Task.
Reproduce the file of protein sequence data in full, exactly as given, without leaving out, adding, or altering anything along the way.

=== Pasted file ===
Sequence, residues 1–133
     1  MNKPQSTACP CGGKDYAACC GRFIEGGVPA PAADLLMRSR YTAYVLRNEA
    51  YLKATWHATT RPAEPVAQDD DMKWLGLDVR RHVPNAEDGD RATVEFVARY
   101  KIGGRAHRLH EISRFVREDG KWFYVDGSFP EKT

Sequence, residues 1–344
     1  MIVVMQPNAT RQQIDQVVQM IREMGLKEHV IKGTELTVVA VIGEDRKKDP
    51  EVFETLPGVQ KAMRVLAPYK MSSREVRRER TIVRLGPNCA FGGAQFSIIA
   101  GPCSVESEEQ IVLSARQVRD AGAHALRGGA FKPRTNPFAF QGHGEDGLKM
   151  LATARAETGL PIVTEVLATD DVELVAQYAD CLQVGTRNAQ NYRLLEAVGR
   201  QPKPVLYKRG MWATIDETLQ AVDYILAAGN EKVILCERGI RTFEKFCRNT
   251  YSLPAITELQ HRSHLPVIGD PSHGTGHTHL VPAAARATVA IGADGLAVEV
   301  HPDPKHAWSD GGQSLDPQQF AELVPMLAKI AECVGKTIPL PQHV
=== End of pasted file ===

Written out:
Sequence, residues 1–133
     1  MNKPQSTACP CGGKDYAACC GRFIEGGVPA PAADLLMRSR YTAYVLRNEA
    51  YLKATWHATT RPAEPVAQDD DMKWLGLDVR RHVPNAEDGD RATVEFVARY
   101  KIGGRAHRLH EISRFVREDG KWFYVDGSFP EKT

Sequence, residues 1–344
     1  MIVVMQPNAT RQQIDQVVQM IREMGLKEHV IKGTELTVVA VIGEDRKKDP
    51  EVFETLPGVQ KAMRVLAPYK MSSREVRRER TIVRLGPNCA FGGAQFSIIA
   101  GPCSVESEEQ IVLSARQVRD AGAHALRGGA FKPRTNPFAF QGHGEDGLKM
   151  LATARAETGL PIVTEVLATD DVELVAQYAD CLQVGTRNAQ NYRLLEAVGR
   201  QPKPVLYKRG MWATIDETLQ AVDYILAAGN EKVILCERGI RTFEKFCRNT
   251  YSLPAITELQ HRSHLPVIGD PSHGTGHTHL VPAAARATVA IGADGLAVEV
   301  HPDPKHAWSD GGQSLDPQQF AELVPMLAKI AECVGKTIPL PQHV